Tuesday, September 17, 2013


Some good news now from the UK, in a case involving a defendant in witness intimidation:
A British court on Monday ruled that a Muslim woman facing criminal charges of witness intimidation must remove her face veil while on the stand giving evidence in court, but that she can wear it while sitting in the dock.

The ruling comes amid shifting sentiments in the UK and across Europe about how far to accept some Islamic cultural practices when they clash with a secular state.

Judge Peter Murphy, of the Blackfriars Crown Court in south London, ruled it is “crucial” for jurors to see the face of the 22-year-old woman when she testifies in her trial on charges of intimidating a witness at a London mosque in June.

The unnamed woman, who converted to Islam and started wearing the head-to-toe covering known as a niqab or full veil last year, wore a niqab last week when she pleaded not guilty to charges against her. But her plea came after the arresting female police officer identified her in a separate room. (British laws restrict publication of details of an ongoing criminal trial).

“There is a pressing need for a court to provide a clear statement of the powers trial judges have to deal with cases where a woman wearing a niqab attends the court,” Judge Murphy said. “The niqab has become the elephant in the courtroom.”

“Given the ever-increasing diversity of society in England and Wales, this is a question which may be expected to arise more and more frequently and to which an answer must be provided,” he said.

London has a generally free atmosphere for religious behavior and dress, and more women from an orthodox background are seen wearing a full length veil than in most European cities.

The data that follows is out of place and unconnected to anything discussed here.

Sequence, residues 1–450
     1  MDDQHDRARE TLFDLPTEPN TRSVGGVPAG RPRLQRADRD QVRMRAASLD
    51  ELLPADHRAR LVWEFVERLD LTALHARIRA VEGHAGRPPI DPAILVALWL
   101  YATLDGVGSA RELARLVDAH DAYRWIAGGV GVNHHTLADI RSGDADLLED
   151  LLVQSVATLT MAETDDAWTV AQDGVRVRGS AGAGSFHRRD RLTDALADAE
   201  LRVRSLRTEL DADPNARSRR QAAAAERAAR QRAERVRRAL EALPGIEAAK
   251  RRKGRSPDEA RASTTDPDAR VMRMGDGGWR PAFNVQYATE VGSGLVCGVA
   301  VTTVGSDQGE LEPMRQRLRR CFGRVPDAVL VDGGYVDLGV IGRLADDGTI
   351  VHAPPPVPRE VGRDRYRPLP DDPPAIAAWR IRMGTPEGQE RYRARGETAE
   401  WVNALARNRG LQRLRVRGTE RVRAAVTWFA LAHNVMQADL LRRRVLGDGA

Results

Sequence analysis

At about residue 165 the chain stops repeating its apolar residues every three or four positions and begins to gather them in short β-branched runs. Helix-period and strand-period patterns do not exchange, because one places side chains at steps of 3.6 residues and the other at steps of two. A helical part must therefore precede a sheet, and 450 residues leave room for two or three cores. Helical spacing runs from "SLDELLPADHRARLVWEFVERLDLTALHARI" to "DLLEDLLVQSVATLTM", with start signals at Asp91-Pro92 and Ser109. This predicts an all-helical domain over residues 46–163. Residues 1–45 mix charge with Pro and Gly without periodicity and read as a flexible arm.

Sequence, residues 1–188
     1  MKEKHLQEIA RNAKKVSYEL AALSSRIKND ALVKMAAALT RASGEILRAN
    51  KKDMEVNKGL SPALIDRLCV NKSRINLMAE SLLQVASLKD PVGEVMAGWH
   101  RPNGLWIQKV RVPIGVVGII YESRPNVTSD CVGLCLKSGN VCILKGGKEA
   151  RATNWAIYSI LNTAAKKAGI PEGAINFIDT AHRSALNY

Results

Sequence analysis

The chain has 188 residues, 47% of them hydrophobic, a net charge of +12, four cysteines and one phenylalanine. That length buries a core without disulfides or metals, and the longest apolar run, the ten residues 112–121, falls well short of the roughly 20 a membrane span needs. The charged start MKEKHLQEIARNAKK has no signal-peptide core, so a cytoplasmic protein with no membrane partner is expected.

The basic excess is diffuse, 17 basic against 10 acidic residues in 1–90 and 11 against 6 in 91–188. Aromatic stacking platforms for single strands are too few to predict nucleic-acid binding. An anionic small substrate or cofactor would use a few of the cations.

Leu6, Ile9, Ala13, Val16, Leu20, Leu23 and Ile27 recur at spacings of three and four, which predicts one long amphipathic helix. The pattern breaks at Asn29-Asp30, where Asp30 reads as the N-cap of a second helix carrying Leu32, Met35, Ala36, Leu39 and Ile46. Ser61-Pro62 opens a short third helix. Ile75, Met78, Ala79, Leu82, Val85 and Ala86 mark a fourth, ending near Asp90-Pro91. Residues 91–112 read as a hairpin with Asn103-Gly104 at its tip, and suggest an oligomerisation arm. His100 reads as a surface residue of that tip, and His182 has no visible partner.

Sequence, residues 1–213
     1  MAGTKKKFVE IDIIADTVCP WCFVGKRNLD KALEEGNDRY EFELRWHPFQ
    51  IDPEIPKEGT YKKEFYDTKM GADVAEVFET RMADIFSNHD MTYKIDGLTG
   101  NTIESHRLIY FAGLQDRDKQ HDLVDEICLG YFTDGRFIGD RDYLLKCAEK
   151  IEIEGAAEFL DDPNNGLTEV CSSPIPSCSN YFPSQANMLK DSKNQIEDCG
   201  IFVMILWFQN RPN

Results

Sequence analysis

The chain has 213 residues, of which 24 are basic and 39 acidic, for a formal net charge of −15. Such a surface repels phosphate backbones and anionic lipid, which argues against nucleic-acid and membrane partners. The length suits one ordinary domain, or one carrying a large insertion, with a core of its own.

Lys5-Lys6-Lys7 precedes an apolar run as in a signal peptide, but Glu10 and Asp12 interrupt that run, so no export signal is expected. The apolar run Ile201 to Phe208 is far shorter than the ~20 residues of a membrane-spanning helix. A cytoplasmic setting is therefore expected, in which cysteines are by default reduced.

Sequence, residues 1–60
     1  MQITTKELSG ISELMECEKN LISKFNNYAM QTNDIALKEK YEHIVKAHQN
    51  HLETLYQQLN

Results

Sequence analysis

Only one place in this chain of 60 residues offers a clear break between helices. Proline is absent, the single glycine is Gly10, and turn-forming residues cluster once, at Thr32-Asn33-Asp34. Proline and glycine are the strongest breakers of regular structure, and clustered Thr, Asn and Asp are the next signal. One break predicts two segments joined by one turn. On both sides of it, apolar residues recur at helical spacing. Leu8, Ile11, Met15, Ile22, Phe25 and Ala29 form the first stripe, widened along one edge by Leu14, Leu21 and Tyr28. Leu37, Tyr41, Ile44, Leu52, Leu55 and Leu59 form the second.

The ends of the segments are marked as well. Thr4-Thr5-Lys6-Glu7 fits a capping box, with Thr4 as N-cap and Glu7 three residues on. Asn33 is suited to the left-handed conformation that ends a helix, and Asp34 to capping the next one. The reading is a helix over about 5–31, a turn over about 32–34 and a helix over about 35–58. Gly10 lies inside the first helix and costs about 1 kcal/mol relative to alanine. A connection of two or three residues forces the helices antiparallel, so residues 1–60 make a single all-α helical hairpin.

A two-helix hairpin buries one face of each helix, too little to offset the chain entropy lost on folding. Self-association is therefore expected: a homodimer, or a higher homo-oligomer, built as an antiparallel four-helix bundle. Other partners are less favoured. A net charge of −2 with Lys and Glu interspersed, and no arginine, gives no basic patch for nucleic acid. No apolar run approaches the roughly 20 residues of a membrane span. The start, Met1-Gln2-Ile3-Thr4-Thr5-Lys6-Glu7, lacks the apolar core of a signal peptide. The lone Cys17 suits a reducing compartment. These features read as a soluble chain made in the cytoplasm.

Yet the circumstances of a British defendant facing criminal charges who claims that religious accommodation rights trump the rights of the state court – appeared to go too far for Judge Murphy.

“No tradition or practice, whether religious or otherwise, can claim to occupy such a privileged position that the rule of law, open justice and the adversarial trial process are sacrificed to accommodate it,” he stated. “That is not discrimination against religion, it is a matter of upholding the rule of law in a democratic society.”
I congratulate the judge for his perceptive approach to the issue. That's a definite plus in a country where multiculturalism has gone overboard, and niqabs are more noticeable than in other parts of the continent. But how much longer will men of sanity like him be able to make these vital points? Unless the UK's population is going to wake up, ditto the politicians, it could all one day get to the point where the legal system will become a kangaroo court.

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